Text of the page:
Saturday, July 12, 2014

Maple-Sriracha Grilled Trout or Salmon

If you can't stand the heat, get out of the kitchen. – Harry S. Truman

Get your grill on this weekend.

No, I haven’t fell off the face of the earth, but it has been a while since my last post. I have a bunch of recipes stocked up to post, too. I just don’t seem to have it in me during this heat to get around to writing.

It’s glorious in Nova Scotia this weekend. Supposed to be approaching 30°C in many parts under wide open blue skies. Don’t get me wrong, I love the warm weather, but when it’s about 28° in the house at bed time it doesn’t make for good sleeping. 

BBQ grill pan, made from 5 layers of foil. Cheap!
So I’ve been tired and lazy. Or at least that’s my excuse. We’re in the process of installing ceiling fans. That might help...some.

One thing you can do to keep the inside temperature low(er) is to prepare as much food as you can outside, on the grill. It saves you turning on that blasted oven and heating the house up even more.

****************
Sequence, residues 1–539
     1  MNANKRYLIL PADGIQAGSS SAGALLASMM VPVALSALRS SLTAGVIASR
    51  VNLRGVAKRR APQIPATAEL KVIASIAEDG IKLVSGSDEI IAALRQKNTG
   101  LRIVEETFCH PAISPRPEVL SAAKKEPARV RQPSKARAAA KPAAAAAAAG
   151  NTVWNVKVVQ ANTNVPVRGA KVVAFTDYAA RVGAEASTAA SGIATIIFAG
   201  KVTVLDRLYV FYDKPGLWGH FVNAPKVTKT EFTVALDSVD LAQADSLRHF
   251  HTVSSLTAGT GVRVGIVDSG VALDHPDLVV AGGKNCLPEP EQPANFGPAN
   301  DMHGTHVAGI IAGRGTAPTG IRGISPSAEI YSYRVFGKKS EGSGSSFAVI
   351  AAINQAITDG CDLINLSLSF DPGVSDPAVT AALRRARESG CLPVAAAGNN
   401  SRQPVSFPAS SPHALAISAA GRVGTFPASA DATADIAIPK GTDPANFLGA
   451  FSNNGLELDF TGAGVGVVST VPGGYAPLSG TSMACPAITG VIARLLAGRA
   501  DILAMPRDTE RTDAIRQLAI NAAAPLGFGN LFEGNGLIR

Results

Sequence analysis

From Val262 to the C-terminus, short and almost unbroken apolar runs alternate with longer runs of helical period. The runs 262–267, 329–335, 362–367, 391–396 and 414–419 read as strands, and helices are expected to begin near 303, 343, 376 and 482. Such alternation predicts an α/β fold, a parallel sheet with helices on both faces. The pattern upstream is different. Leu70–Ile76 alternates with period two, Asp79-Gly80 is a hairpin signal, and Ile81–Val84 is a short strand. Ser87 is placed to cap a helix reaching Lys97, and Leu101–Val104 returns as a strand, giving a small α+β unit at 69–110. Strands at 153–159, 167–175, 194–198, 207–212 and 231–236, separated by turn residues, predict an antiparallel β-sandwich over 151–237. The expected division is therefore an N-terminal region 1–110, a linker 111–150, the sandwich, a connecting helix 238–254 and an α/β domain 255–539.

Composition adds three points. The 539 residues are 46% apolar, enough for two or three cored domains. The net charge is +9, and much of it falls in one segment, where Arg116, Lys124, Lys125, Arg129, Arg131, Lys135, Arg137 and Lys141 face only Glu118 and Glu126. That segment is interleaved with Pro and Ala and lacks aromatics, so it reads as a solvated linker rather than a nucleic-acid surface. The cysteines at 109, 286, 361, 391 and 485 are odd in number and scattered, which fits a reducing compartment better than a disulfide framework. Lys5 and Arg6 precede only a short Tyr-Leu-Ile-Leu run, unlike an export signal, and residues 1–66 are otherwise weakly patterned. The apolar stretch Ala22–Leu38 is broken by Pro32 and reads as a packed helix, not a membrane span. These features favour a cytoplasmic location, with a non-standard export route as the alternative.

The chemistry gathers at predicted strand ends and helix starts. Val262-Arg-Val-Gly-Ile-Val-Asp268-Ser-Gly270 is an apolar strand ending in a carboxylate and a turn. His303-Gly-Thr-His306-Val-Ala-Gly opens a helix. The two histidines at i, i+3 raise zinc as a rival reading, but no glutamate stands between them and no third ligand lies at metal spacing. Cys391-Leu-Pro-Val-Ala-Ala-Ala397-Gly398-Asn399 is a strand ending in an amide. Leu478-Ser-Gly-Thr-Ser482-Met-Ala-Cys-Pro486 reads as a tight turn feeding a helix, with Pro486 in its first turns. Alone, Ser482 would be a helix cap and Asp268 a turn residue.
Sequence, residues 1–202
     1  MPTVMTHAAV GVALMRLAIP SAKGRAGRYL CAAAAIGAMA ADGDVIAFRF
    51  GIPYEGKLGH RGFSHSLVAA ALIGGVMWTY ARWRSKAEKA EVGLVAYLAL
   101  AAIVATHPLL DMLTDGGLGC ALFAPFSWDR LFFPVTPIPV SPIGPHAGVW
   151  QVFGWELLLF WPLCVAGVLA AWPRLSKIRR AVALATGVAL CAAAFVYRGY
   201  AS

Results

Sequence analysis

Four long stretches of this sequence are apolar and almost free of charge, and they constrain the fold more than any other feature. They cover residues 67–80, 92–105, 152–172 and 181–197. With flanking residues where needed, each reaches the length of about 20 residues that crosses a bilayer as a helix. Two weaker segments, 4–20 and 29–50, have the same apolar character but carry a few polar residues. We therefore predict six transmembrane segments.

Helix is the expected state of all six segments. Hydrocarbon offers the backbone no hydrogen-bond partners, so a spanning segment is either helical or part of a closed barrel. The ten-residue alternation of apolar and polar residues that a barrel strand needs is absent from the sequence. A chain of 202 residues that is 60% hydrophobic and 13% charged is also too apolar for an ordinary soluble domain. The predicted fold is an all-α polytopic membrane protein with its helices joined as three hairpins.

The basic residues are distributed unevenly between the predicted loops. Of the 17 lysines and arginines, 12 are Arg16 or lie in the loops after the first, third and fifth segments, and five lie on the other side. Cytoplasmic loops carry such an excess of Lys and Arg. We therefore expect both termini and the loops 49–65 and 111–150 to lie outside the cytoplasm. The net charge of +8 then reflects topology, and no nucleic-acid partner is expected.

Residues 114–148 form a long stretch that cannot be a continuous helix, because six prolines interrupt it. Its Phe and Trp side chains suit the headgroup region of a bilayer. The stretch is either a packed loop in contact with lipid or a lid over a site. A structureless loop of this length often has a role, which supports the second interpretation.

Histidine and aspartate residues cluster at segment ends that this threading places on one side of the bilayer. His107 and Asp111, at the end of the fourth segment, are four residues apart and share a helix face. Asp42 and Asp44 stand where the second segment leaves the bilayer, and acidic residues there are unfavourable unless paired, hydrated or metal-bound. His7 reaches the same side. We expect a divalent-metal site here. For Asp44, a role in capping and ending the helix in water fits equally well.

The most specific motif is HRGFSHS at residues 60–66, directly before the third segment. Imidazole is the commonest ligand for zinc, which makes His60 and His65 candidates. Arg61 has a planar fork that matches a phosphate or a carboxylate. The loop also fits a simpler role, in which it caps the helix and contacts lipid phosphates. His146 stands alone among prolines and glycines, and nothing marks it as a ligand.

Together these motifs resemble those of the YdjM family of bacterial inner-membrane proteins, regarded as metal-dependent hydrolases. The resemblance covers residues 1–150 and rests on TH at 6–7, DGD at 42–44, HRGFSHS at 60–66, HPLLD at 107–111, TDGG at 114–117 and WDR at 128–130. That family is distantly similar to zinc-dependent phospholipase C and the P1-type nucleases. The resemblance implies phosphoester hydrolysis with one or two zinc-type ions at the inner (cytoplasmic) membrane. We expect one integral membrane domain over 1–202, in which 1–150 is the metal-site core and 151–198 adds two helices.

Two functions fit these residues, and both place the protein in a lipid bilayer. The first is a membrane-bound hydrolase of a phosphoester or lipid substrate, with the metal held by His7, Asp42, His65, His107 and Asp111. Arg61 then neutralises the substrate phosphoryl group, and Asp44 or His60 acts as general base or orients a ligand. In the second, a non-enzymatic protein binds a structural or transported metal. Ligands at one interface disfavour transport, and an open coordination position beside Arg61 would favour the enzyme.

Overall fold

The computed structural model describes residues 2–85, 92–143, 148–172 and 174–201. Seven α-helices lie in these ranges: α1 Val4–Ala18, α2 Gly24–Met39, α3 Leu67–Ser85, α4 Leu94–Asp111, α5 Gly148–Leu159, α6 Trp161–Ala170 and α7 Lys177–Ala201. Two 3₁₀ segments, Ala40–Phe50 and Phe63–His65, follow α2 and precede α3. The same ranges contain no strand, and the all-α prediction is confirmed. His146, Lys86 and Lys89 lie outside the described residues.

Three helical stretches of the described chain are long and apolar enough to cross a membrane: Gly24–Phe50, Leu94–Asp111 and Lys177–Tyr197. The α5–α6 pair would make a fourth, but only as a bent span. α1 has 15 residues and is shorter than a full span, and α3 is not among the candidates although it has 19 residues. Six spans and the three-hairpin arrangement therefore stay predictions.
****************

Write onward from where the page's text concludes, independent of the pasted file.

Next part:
You can cook a myriad of things on the grill besides steaks, sausage and hamburgers. But so many alternatives are either fragile or small. It sucks to have things fall apart or slip down onto the coals or flame.

That’s where tin foil comes in. No, you do not need to invest in a barbecue grill pan. Simply make a temporary baking sheet out of 4 layers of foil, roll up a rim, and you’re ready to go.

I love salmon and trout, and they’re two that benefit from using a grill pan. They fall apart the moment they start to cook. Nearly impossible to get off in one piece. 

So this is a recipe you really should try. Make no mistake. This is good stuff. Very good stuff. And simple and fast too, if you think 12 minutes is fast.

This recipe is also a bit unusual – at least the salad is. It’s raw swiss chard. Before you go “yuck,” consider it also has maple syrup dressing. Maple syrup makes everything good.